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Economic Association holds annual conference

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12 Jul 2017

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THE Economic Association of Namibia's third annual conference, will start tomorrow at the Safari Court Hotel in Windhoek from 08h00.

The association's executive director, Klaus Schade, said the theme of the meeting “Regional Integration – Opportunities for Namibia”, was chosen because the topic has always been high on the political agenda. The Economic Association of Namibia (EAN) said the theme is relevant as southern African has the oldest existing customs union, the Southern African Customs Union (Sacu).

“The region has also a long tradition of security and economic cooperation dating back to the struggle against apartheid, colonialism and minority rule. The Frontline States consisted of three independent southern African countries – Botswana, Zambia and Tanzania – who were joined by Angola and Mozambique and a few years later by Zimbabwe when these states achieved independence.

“Realising the need for closer economic cooperation, they formed the Southern African Development Coordination Conference in April 1980. Two years after Namibia's independence in 1990, Windhoek saw the signing of the treaty and declaration that established the Southern African Development Community to replace SADCC. Its membership has grown from initially 11 member states to currently 15 member states with the application from Burundi and Comoros pending,” said EAN.

Furthermore, EAN said there are more regional economic groupings in part overlapping with memberships of SADC and Sacu, most importantly the East African Community (EAC) (Burundi, Kenya, Rwanda, Tanzania and Uganda) and the Common Market for Eastern and Southern Africa (Comesa) of which a number of SADC member states are also members.

“The overlapping membership has often been blamed for the slow progress in deepening regional integration within SADC and hence resulted in negotiations towards the establishment of the Tripartite – Free Trade Area (T-FTA) comprising Comesa, EAC and SADC.

“This initiative has, however, in the meantime been overtaken by negotiations towards the establishment of a continent-wide FTA including all African countries. It is envisaged that the agreement for the establishment of the C-FTA will be signed in December 2017,” the association said.

EAN said these initiatives as well as applications of African countries for membership in existing regional economic groups not only in southern Africa, but also in west Africa where Mauritania, Morocco and Tunisia are seeking membership of the Economic Community of West African States (Ecowas), are clear indications that regional integration remains attractive for African countries and remains on their political agenda, despite the U-turn in large economies such as the USA and UK towards more inward-looking, nationalistic policies.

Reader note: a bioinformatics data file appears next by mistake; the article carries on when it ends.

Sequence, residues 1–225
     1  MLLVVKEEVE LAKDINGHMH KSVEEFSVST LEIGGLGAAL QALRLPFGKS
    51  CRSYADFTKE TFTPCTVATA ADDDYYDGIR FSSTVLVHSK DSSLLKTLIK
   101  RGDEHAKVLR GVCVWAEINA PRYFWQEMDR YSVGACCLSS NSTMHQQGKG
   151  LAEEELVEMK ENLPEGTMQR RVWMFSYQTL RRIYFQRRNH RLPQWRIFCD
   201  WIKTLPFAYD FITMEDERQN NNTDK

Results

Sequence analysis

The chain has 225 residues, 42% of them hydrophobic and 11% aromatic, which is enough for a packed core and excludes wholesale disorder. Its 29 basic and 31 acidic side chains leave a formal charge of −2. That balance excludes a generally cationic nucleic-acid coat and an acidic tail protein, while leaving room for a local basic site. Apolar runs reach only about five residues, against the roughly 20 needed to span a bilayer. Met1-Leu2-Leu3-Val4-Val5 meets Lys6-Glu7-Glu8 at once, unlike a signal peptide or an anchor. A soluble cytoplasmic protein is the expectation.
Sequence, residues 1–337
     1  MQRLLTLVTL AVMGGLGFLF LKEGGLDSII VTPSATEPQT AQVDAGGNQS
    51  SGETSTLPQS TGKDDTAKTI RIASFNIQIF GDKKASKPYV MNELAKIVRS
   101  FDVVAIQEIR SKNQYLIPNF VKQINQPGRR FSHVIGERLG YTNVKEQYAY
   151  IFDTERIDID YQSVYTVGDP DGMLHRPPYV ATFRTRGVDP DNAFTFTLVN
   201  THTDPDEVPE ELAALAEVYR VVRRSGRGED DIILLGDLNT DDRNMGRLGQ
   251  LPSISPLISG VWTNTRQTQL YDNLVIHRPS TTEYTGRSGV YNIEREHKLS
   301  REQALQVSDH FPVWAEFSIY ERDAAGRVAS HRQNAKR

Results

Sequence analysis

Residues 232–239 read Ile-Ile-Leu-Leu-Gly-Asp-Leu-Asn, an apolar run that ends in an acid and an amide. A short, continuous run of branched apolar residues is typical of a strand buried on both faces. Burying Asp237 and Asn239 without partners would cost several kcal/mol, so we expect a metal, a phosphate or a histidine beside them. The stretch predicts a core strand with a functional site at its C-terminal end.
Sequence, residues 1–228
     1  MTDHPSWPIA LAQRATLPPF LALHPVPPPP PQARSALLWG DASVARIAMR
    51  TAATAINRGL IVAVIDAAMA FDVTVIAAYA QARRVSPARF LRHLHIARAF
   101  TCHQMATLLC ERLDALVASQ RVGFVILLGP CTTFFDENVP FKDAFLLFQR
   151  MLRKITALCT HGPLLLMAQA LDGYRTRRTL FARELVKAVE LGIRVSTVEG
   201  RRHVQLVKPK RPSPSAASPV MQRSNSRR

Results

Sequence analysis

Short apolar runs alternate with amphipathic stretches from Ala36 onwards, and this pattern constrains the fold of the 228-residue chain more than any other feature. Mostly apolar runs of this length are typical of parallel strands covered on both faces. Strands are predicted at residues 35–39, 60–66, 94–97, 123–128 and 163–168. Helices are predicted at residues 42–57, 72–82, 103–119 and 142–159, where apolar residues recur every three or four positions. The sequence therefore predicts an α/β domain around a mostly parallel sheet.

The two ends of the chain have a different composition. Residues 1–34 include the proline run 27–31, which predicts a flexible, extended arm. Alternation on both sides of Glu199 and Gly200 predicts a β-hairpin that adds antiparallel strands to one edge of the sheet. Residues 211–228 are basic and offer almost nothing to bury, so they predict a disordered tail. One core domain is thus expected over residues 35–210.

“For a small country like Namibia, not only in terms of population, but more so in terms of purchasing power because of a highly skewed distribution of wealth and income, regional integration can offer easier access to larger markets and hence offer economies of scale in the production of goods and services,” EAN said.

Schade said in Namibia, they have often focused too much on the South African economy and neglected other neighbouring economies.

This, EAN said, became evident when the drop of oil prices resulted in a substantial slow-down of the Angolan economy, which spilled over into the Namibian economy when the demand for Namibian goods and services declined.

“We have therefore invited Mr Francisco Paulo from the Catholic University of Angola to shed more light on the current state and the possible path over the next couple of years for the Angolan economy.

Trudi Hartzenberg of the Trade Law Centre in South Africa will also provide an overview of the current state of regional and continental economic integration.

Finance minister Calle Schlettwein, will deliver the keynote address.

Furthermore, Ndiita Nghipondoka-Robiati from the Namibia Trade Forum will speak about the opportunities that regional integration offers for Namibia.

Those interested in attending should visit EAN's website for further information, and register at www.ean.org.na.

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